Showing posts with label hydrogen. Show all posts
Showing posts with label hydrogen. Show all posts

Wednesday, June 27, 2018

'Electrogeochemistry' captures carbon, produces fuel, offsets ocean acidification

Researchers analyze global potential for 'negative emissions energy' using electricity from renewable sources to generate hydrogen fuel and capture carbon dioxide.

Greg Rau with a monument in the background marking
the Arctic circle along the unfrozen coast of Norway 
Limiting global warming to 2 degrees Celsius will require not only reducing emissions of carbon dioxide, but also active removal of carbon dioxide from the atmosphere. This conclusion from the Intergovernmental Panel on Climate Change has prompted heightened interest in "negative emissions technologies."

A new study published June 25 in Nature Climate Change evaluates the potential for recently described methods that capture carbon dioxide from the atmosphere through an "electrogeochemical" process that also generates hydrogen gas for use as fuel and creates by-products that can help counteract ocean acidification.

First author Greg Rau, a researcher in the Institute of Marine Sciences at UC Santa Cruz and visiting scientist at Lawrence Livermore National Laboratory, said this technology significantly expands the options for negative emissions energy production.

The process uses electricity from a renewable energy source for electrolysis of saline water to generate hydrogen and oxygen, coupled with reactions involving globally abundant minerals to produce a solution that strongly absorbs and retains carbon dioxide from the atmosphere. Rau and other researchers have developed several related methods, all of which involve electrochemistry, saline water, and carbonate or silicate minerals.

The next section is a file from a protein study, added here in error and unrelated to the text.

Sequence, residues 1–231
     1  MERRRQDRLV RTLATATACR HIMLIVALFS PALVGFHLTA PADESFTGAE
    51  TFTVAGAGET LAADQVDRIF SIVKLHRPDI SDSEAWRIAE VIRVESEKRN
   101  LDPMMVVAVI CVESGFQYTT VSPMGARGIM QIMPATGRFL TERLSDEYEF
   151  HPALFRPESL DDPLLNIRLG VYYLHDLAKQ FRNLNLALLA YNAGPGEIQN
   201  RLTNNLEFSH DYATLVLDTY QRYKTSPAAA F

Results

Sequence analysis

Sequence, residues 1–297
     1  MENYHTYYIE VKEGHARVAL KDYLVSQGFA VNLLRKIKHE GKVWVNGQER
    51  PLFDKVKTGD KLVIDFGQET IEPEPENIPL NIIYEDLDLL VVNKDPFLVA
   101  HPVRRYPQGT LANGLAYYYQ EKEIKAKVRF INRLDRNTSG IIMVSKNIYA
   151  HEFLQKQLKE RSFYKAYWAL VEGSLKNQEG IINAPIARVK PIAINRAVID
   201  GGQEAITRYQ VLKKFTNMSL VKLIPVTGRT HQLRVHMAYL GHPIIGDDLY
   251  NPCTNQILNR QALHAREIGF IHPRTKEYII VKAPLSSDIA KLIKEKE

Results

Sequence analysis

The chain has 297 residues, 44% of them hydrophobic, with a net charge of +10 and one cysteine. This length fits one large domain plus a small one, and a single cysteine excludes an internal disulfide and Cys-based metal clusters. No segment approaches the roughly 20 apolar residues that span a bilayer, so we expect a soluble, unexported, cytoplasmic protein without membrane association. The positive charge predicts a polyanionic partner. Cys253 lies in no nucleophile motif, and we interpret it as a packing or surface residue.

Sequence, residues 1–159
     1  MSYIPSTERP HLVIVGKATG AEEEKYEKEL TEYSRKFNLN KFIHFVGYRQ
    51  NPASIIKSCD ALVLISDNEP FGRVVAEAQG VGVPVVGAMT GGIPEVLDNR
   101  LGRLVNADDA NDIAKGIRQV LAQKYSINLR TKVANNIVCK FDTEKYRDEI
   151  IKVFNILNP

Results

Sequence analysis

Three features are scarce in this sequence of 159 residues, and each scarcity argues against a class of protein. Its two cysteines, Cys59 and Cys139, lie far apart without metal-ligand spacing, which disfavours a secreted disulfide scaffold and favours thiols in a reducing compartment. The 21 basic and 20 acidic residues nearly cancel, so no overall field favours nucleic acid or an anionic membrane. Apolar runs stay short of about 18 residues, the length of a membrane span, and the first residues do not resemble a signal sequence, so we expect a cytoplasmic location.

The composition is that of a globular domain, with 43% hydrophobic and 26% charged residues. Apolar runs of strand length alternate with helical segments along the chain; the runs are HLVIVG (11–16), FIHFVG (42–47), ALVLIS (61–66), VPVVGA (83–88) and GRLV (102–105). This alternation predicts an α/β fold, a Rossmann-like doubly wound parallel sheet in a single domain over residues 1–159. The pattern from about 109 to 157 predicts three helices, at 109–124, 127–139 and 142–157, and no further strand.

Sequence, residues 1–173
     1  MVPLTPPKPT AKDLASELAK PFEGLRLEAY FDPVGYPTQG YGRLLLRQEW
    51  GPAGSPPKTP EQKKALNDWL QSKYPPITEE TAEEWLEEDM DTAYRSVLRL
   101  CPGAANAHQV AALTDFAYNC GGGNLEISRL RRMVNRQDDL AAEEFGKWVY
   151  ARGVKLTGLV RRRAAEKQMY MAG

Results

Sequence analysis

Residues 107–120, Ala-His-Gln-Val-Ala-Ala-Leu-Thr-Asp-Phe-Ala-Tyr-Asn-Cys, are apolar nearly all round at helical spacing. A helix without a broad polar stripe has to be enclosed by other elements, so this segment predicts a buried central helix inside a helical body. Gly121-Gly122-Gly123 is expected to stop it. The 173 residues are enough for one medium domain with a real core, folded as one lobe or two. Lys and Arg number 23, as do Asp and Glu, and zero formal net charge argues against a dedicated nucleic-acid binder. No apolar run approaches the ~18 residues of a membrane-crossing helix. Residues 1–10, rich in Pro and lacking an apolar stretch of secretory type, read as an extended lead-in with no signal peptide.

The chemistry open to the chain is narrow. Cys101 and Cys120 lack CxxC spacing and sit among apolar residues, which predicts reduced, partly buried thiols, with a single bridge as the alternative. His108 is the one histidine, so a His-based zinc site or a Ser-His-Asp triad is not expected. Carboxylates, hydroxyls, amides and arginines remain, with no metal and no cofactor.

"It not only reduces atmospheric carbon dioxide, it also adds alkalinity to the ocean, so it's a two-pronged benefit," Rau said. "The process simply converts carbon dioxide into a dissolved mineral bicarbonate, which is already abundant in the ocean and helps counter acidification."

The negative emissions approach that has received the most attention so far is known as "biomass energy plus carbon capture and storage" (BECCS). This involves growing trees or other bioenergy crops (which absorb carbon dioxide as they grow), burning the biomass as fuel for power plants, capturing the emissions, and burying the concentrated carbon dioxide underground.

"BECCS is expensive and energetically costly. We think this electrochemical process of hydrogen generation provides a more efficient and higher capacity way of generating energy with negative emissions," Rau said.

He and his coauthors estimated that electrogeochemical methods could, on average, increase energy generation and carbon removal by more than 50 times relative to BECCS, at equivalent or lower cost. He acknowledged that BECCS is farther along in terms of implementation, with some biomass energy plants already in operation. Also, BECCS produces electricity rather than less widely used hydrogen.